The idea may sound a little gimmicky, but co-founder and CEO Paul Cameron argued that the combination of music and ambient sound effects can make the reading experience much more immersive — it’s one thing to read that a character was standing on a noisy street, and another to hear the sounds of honking taxis.
The company’s last big launch was for Booktrack Studio, which allows anyone (not just professional publishers) to build e-book soundtracks. Booktrack says that in the five months since the launch, it has drawn 300,000 users to its site and mobile apps, with more than 3,600 Booktracks created in 30 different languages.
Cameron suggested that Booktrack is now pursuing “two distinct verticals,” publishing (including self-publishing) and education. With Booktrack Classroom, students will be able to read, create, and share soundtracked e-books for free.
When it comes to using the technology in the classroom, Cameron pointed to a University of Auckland study that looked at 248 middle and high school students and found that when they read text with a Booktrack soundtrack, they spent 30 percent more time reading and showed 17 percent higher comprehension compared to students who didn’t. (A previous study conducted at New York University found similar results among adults.)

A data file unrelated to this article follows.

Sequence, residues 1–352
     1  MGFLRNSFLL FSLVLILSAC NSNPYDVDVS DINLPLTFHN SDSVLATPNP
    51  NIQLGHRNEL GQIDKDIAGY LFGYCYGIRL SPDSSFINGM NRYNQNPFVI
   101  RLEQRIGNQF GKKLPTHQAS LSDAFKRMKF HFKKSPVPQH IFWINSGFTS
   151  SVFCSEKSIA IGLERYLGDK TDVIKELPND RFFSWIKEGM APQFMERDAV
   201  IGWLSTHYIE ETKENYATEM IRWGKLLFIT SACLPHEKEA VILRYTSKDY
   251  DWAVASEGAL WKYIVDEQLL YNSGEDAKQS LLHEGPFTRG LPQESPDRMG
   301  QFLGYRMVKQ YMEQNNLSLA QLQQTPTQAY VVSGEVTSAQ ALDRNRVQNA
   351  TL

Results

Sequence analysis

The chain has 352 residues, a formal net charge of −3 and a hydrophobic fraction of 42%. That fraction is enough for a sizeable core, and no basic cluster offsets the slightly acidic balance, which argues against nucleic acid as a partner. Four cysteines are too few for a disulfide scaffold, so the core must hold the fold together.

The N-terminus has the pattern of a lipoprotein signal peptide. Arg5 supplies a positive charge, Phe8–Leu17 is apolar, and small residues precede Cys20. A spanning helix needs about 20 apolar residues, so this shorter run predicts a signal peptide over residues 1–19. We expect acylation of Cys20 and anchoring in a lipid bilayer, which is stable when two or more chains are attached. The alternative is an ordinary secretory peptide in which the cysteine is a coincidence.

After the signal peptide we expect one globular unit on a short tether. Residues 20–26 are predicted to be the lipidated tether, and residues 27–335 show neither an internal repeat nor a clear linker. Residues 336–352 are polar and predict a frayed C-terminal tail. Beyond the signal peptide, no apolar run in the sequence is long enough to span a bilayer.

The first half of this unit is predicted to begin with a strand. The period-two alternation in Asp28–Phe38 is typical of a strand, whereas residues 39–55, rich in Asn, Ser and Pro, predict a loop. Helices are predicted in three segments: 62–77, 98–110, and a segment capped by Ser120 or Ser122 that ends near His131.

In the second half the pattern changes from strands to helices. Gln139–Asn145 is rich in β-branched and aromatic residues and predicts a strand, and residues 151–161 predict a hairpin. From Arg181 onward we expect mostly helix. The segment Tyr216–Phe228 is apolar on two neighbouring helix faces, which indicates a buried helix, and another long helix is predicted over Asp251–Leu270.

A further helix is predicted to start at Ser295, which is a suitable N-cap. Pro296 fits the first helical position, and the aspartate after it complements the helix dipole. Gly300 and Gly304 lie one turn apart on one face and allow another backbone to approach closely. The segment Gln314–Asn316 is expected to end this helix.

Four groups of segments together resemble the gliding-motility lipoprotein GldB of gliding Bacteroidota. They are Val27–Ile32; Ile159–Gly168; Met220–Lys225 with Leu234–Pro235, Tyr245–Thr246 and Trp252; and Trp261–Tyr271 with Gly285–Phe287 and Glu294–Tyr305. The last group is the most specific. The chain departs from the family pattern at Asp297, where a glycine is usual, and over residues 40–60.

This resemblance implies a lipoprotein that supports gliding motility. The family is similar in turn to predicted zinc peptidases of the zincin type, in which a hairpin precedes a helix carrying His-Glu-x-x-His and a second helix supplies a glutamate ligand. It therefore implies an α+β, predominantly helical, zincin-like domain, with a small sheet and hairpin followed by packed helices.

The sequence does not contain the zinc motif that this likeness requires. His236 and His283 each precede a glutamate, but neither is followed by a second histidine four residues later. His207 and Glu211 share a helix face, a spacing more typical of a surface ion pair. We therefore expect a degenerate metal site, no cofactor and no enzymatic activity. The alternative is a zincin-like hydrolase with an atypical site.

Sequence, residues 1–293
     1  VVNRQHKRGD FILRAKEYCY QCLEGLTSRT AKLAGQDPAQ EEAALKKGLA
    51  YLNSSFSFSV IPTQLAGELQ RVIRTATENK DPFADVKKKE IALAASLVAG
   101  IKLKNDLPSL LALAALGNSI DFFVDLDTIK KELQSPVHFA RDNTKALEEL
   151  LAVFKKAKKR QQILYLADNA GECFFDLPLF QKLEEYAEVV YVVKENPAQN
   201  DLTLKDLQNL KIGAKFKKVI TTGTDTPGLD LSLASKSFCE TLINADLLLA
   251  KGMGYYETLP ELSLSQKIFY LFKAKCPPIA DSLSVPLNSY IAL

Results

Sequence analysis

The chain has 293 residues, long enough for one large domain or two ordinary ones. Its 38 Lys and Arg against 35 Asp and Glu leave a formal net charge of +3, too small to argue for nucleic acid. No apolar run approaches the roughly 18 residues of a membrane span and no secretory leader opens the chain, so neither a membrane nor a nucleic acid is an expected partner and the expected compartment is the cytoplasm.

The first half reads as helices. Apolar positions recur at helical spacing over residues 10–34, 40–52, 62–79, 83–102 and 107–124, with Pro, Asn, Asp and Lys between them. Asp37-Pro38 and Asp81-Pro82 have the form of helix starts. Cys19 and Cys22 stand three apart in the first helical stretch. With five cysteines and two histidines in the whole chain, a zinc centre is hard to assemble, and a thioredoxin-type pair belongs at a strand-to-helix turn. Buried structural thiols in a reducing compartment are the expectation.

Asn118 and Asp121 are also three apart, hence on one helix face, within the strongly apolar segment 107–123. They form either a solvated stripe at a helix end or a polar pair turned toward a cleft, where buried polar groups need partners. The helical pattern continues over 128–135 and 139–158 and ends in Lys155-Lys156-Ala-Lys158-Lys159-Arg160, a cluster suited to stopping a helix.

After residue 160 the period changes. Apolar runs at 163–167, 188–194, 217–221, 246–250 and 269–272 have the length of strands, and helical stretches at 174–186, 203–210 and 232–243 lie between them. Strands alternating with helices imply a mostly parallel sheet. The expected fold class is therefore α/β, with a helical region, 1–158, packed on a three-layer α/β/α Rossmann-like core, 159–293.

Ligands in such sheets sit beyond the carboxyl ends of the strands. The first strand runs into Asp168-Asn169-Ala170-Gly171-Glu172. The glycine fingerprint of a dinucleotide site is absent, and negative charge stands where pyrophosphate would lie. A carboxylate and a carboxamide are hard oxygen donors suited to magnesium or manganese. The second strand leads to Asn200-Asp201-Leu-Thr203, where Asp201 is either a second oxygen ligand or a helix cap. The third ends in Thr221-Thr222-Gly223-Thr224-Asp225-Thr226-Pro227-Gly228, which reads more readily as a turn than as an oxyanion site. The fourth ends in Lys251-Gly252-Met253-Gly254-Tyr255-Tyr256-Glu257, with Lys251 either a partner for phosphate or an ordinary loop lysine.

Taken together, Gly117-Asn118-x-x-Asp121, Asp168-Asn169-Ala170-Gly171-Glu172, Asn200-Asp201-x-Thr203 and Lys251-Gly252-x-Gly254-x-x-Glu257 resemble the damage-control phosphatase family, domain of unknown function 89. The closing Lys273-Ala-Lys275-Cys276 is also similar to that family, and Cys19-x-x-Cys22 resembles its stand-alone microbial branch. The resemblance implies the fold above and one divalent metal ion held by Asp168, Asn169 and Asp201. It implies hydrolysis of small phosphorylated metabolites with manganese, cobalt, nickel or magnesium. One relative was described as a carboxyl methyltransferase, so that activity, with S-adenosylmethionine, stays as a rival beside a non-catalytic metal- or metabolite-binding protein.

Cameron also gave me a quick demo of the soundtrack-creation process. Users can select the text that they want to enhance, then add audio from a library of 20,000 tracks. (Half of those tracks are owned by Booktrack, while the other half is licensed, Cameron said.) The soundtrack is supposed to adjust to your reading speed.
The new funding was led by Sparkbox Ventures. Booktracks previously raised $2 million from Peter Thiel’s Valar Ventures, filmmaker Peter Jackson’s Park Road Post Productions, and others — the company said those previous investors also participated in the new round.